tionate number of less healthy lives enrolling in the buy-in program.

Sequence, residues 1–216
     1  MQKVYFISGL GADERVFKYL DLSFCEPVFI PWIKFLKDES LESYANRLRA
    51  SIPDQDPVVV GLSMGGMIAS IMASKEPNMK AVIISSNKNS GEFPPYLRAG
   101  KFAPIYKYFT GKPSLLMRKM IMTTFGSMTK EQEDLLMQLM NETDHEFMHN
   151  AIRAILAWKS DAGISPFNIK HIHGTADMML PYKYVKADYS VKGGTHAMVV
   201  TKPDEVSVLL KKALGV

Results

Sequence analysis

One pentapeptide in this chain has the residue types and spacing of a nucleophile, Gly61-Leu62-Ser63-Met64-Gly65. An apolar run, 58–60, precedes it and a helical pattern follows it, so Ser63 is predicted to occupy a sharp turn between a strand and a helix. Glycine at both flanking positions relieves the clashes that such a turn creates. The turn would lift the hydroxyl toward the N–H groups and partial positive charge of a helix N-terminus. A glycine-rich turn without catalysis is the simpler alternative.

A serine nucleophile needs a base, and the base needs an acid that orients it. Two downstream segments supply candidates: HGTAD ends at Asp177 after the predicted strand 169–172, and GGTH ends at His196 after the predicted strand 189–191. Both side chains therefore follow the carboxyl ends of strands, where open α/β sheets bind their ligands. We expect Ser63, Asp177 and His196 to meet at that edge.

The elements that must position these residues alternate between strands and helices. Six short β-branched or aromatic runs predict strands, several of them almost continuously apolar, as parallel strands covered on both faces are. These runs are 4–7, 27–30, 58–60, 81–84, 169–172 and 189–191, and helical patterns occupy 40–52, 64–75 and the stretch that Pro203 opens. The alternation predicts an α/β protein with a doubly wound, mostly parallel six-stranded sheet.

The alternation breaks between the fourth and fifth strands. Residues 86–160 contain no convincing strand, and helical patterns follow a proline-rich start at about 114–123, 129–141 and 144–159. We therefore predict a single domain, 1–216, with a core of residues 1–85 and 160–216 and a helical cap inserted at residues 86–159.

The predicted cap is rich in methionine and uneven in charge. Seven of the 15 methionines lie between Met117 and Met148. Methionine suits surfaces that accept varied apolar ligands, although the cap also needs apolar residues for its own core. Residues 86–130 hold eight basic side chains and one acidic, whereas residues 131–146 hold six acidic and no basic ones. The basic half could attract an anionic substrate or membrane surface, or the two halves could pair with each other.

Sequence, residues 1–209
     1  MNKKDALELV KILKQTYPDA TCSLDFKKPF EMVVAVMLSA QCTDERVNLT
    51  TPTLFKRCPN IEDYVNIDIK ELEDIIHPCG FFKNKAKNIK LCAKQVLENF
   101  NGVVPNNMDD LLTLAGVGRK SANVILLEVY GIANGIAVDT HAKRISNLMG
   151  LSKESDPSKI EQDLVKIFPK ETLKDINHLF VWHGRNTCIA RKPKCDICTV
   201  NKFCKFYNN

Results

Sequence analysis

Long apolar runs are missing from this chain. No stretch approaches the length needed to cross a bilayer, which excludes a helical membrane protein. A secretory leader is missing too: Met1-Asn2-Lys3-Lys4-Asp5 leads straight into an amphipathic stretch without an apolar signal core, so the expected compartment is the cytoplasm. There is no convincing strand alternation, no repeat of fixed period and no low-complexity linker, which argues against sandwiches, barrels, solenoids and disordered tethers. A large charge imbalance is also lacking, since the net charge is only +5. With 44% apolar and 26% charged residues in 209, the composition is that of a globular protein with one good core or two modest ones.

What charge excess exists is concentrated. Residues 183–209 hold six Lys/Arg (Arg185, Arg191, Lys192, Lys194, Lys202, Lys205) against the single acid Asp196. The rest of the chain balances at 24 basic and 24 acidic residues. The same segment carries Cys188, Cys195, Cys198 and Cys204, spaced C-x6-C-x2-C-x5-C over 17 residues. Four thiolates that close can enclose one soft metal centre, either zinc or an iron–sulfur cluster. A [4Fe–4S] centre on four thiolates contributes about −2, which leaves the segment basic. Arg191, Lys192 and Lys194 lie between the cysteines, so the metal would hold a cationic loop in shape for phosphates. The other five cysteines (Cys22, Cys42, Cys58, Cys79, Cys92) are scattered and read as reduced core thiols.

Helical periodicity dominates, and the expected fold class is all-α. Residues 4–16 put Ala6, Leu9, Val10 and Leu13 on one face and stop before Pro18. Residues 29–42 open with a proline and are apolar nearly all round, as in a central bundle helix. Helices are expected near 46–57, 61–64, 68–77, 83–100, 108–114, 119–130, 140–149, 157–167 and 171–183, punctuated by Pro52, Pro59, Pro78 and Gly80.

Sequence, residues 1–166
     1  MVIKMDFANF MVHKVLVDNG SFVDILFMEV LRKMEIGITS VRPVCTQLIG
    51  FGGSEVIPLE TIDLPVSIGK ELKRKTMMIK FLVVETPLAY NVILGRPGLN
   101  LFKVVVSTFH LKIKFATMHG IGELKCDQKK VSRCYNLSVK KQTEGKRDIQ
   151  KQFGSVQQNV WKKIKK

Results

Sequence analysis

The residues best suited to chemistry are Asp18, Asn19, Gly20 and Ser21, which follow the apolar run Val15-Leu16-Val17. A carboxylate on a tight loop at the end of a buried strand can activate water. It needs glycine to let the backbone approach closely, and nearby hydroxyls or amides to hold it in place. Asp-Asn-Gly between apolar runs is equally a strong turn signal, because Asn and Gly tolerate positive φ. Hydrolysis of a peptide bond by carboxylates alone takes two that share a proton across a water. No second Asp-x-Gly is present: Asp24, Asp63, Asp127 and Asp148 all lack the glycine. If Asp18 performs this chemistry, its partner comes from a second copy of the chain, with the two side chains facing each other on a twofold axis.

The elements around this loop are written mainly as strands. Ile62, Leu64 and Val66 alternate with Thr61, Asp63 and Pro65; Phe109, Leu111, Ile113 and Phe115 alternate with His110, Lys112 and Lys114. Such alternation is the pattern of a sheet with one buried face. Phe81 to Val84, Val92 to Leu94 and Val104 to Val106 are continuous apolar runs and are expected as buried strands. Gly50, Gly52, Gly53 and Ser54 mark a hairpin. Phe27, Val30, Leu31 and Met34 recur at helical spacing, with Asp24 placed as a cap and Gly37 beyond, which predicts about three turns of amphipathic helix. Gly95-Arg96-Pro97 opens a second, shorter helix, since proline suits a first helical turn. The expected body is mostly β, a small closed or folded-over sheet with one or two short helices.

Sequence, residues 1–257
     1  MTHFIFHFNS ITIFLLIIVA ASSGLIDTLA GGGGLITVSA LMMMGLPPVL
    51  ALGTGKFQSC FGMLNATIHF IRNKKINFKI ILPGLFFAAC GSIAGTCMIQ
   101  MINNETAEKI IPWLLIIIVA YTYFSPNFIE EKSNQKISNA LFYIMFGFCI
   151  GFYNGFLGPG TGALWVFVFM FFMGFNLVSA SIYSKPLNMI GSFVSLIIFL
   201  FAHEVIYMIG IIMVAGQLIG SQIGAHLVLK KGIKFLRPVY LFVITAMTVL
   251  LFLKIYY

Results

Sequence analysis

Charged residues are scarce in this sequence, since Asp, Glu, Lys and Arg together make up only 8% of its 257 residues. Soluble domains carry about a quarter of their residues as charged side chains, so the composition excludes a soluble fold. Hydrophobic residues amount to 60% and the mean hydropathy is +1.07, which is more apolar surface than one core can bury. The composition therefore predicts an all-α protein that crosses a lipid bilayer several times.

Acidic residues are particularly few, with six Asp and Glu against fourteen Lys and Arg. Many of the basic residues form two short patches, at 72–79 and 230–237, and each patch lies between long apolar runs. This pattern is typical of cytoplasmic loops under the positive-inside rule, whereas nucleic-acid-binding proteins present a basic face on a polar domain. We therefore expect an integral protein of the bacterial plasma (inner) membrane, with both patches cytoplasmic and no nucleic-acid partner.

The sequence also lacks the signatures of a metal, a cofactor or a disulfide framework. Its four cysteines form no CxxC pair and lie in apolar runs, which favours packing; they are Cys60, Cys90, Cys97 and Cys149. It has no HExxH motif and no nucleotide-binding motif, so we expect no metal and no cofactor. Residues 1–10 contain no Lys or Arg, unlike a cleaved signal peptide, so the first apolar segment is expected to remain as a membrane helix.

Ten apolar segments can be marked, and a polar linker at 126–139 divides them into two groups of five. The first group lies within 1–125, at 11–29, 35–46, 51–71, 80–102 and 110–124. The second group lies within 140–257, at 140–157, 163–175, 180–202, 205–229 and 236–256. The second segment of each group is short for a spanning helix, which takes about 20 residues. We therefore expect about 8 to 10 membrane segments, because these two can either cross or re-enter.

On the Medicare Part A Trust Fund The amortization premium charged after age 65 for coverage from ages 62 to 64 represents a long-term, low-interest loan from the Medicare program to the insured individual. The result will be a net cash outflow during the early years of the program. This outflow will be reduced over time as participants reach age 65 and begin paying amortization premiums. If the pricing assumptions are relatively accurate and enrollment levels are stable, then the age 62–64 buyin portion of the system should reach a steady state balance in approximately 20 to 24 years, with cash inflows roughly balancing cash outflows. The net cash outflow over this period of time will result in trust fund balances somewhat lower than would otherwise be expected. If enrollment in the buy-in program rises over time, for economic or demographic reasons (such as the retirement of the baby-boom generation), outflows may persist. Nevertheless, if the buy-in program were at some point to be discontinued, the loan to participants would be paid back over the next 20 to 24 years, ultimately making the trust fund whole. Assuming the buy-in program is not discontinued, the trust fund balance will remain lower than would otherwise be expected. To the extent that the amortization premiums balance the additional cost arising from the age 62 to 64 buy-in, there should be no net effect on the long-term actuarial balance of the program. However, due to the reduced cash balance, exhaustion of the trust fund will be somewhat accelerated. The trust fund will also experience gains or losses as actual experience differs from the assumptions used in establishing the current premiums for the buy-in program. For participants ages 62 through 64,the annual premium recalculation should correct any estimation errors, and the net effect over time should be negligible. Unless some form of subsidy is provided, it is likely that the age 55 to 61 buy-in program will generate continuing losses. However, if premium levels are set relatively high, they are likely to keep enrollment low, making the aggregate loss to the program smaller than it might otherwise be.